Plaintiff alleges on the week of October 18, 1987 his bonus pay was $1.91 short. He indicates that he was assured by Mr. Tinsley that Morgan had said it would be in his next paycheck. When plaintiff did not see the money in his next paycheck, he spoke with Morgan who allegedly told him "he was on first names with the Governor and Commissioner, that I was not getting paid until he was ready and that might be never." Morgan contends that he investigated the complaint, found the error, and learned that the amount had already been added to plaintiff's salary. Morgan ¶ 8.

Plaintiff alleges that beginning the week of June 12, 1988 he stopped receiving pay for time spent participating on an "Inmate Liaison Committee." When plaintiff complained to Commissioner Coughlin, he apparently started to get paid again. Plaintiff maintains that the payment stopped again when defendant Morgan was served with the complaint in this action. Morgan points out that pursuant to a prison directive inmates are to be paid for absences due to participation on a "grievance committee," but not for absences due to participation on a "liaison committee." Morgan ¶ 10; Exhibit F at 5.

Plaintiff alleges that several more confrontations with Morgan took place during August of 1988. On one occasion Morgan allegedly told the staff at the shop that plaintiff was to make chairs, not do clerk work. On another occasion, Morgan allegedly threatened plaintiff that if he did not make a chair, his pay grade would be reduced.

From August 19, 1988 until September 12, 1988 petitioner was absent from the shop because he was serving a sentence of confinement in the Special Housing Unit at Green Haven for a disciplinary violation. Plaintiff alleges that he specifically asked that he be given 25 days confinement, not 30, so he would not lose his job. During plaintiff's absence, Zlochower allegedly started telling inmates that plaintiff was "not coming back to the shop."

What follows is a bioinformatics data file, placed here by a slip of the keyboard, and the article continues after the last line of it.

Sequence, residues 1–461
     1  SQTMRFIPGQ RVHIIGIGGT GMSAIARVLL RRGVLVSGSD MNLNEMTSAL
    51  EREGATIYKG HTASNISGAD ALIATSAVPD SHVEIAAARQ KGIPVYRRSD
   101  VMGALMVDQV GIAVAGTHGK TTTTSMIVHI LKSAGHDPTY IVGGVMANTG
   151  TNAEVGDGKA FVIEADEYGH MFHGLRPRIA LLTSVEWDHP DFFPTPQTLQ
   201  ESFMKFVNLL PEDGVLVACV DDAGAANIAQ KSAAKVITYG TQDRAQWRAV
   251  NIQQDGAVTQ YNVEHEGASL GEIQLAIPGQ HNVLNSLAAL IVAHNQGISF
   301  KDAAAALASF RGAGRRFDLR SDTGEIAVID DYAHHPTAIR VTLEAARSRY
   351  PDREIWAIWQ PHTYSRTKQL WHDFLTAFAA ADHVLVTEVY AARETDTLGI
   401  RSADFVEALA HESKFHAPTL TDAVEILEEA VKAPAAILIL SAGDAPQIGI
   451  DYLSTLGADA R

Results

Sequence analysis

Another inmate, Juan Pacheco, affirms that he and Mr. Tinsley agreed that Pacheco would work in plaintiff's job until plaintiff returned. Pacheco also affirms that on one occasion Morgan raised the possibility of Pacheco keeping the job permanently and that he rejected Morgan's suggestion. Pacheco further affirms that after plaintiff's confinement ended Zlochower asked Pacheco to keep the job and that he again refused citing the agreement with Tinsley. Pacheco also indicates that at a subsequent meeting with Morgan and Zlochower, Morgan told him explicitly that the shop could have a clerk and that it could be Pacheco but not plaintiff. The parties do not dispute that at some point it was decided that the shop would no longer employ a full time clerk. While Morgan states that this decision was made for the sake of "efficiency," Morgan ¶ 10, plaintiff argues that it was to prevent him from having the job. It is also undisputed that when plaintiff returned to the shop, he was assigned to work at upholstery tables with a salary grade level of 2.3, instead of 4.3. Morgan suggests that this was the highest grade position for which there was a vacancy at the time. Morgan ¶ 10.

Petitioner filed a grievance in connection with his job change and received a response indicating that his grievance had been researched and that the investigator agreed that "grievant [was] much more valuable as a upholsterer than a clerk." Plaintiff proceeding pro se commenced this action on October 31, 1988 pursuant to 42 U.S.C. ยง 1983, ...